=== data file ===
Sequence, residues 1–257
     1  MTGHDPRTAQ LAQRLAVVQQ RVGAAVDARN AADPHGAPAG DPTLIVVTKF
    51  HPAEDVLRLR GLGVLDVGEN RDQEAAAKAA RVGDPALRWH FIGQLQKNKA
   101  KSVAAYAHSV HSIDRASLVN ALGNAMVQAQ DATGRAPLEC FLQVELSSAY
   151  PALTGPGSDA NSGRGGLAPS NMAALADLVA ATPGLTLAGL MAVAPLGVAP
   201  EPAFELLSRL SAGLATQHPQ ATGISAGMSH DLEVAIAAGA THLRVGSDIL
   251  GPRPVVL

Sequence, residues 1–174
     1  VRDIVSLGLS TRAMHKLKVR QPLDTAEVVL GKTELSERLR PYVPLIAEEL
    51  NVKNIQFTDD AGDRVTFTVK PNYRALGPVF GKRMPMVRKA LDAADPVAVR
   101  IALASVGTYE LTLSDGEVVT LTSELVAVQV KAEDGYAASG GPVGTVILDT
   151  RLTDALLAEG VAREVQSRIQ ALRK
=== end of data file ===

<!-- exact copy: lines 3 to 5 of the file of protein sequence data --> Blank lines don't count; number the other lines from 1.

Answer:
    51  HPAEDVLRLR GLGVLDVGEN RDQEAAAKAA RVGDPALRWH FIGQLQKNKA
   101  KSVAAYAHSV HSIDRASLVN ALGNAMVQAQ DATGRAPLEC FLQVELSSAY
   151  PALTGPGSDA NSGRGGLAPS NMAALADLVA ATPGLTLAGL MAVAPLGVAP